Submerged aquatic vegetation
Eelgrass (Zostera marina) is the most widely distributed marine angiosperm in shallow Danish coastal waters. On hard substrates the vegetation is dominated by macroalgae. Growth of short-lived nuisance species of macroalgae is a problem in inner parts of some estuaries.
EELGRASS IN COASTAL WATERS
The following paragraphs summarise the development of Danish eelgrass meadows during the last century. The presentation is based on early reports on eelgrass distribution covering the period 1900-1940, aerial photos from the archives of KMS (The National Survey and Cadastre Agency) covering the period 1945–1990s and data from the national Danish monitoring programme on marine vegetation covering the period 1989–2001.
LONG-TERM CHANGES IN EELGRASS DISTRIBUTION
Today eelgrass again occurs along most Danish coasts (Figure 2.32) but has not reached the former area extension (Olesen 1993, Boström et al. 2003). Comparisons of eelgrass area distribution in two large regions, Øresund and Limfjorden, in 1900 and in the 1990s, suggest that the present distribution area of eelgrass in Danish coastal waters constitutes approximately 20–25% of that in 1900. The area distribution of eelgrass in Limfjorden was estimated at 345 km2 in 1900 (Ostenfeld 1908) and only at 84 km2 in 1994 (based on aerial photography data from the Limfjord counties). In Øresund, eelgrass covered about 705 km2 in 1900 (Ostenfeld 1908) and only about 146 km2 in 1996–2000 (Krause-Jensen et al. 2001). Differences in methodology may, however, influence these comparisons.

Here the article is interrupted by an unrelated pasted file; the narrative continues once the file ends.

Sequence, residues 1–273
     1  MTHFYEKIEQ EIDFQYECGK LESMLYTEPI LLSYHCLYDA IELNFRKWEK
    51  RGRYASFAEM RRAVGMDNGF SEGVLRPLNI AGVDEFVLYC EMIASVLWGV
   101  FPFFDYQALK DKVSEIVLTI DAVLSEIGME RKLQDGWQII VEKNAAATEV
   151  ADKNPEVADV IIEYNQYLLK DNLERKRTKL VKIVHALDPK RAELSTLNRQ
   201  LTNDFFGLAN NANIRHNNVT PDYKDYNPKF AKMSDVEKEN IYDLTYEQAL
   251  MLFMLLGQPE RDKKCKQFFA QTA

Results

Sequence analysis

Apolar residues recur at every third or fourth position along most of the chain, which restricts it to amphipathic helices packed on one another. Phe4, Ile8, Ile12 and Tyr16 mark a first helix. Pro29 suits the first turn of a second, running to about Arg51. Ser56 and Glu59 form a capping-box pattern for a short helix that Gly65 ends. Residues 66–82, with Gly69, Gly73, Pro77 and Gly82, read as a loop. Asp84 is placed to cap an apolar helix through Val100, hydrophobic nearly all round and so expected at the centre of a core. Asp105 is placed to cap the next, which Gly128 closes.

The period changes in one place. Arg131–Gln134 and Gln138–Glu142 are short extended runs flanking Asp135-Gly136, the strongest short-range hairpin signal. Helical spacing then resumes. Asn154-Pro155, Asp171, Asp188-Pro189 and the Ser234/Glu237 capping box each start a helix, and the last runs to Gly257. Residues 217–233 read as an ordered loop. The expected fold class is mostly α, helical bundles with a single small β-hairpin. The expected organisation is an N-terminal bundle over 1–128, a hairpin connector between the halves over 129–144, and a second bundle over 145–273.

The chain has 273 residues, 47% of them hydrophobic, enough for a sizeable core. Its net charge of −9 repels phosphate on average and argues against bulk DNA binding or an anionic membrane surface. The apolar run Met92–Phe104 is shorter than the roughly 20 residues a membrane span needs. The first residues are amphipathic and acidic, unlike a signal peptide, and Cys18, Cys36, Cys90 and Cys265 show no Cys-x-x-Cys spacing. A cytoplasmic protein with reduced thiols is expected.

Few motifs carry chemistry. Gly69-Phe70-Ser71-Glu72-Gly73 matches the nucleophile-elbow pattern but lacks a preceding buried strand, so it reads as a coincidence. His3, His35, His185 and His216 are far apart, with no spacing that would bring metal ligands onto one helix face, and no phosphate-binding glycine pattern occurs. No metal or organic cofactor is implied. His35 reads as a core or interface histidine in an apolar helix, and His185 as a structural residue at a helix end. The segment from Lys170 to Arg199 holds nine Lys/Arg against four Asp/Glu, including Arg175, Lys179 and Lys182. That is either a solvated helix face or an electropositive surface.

The large reduction in area distribution of Danish eelgrass meadows is partly attributed to loss of deep populations. In 1900, colonisation depths averaged 5–6 m in estuaries, and 7–8 m in open waters while in the 1990s, colonisation depths were reduced about 50% to 2-3 m in estuaries and 4–5 m in open waters (Figure 2.33) (Boström et al. 2003). The deep populations are most likely lost as a consequence of eutrophication. Increased nitrogen concentrations stimulate phytoplankton growth and thereby reduce the transparency of the water column and restrict the colonisation depth (Nielsen et al. 2002).
RECENT INTER-ANNUAL FLUCTUATIONS IN EELGRASS DISTRIBUTION
The colonisation depth of eelgrass reflects differences in water quality and physical setting along estuarine gradients. In the inner parts of estuaries, the annual mean colonisation depth ranged between 2.9 and 3.5 m, in outer parts between 3.3 and 4.3 m, and along open coasts between 4.7 and 5.8 m during the period 1989–2001 (Figure 2.34). Eelgrass colonisation depth shows no significant trend between 1989 and 2001 and does not reflect the sligh amelioration of water clarity observed through the same period (Ærtebjerg et al. 2002). Other regulating factors may blur the relationship between light and colonisation depth so that more marked changes in light climate are needed before colonisation depths increase. For example, eelgrass suddenly disappeared from several sites during the warm summers of 1992 and 1994 possibly due to combined exposure to anoxia, sulphide and extreme temperature (Goodman et al. 1995, Terrados et al. 1999).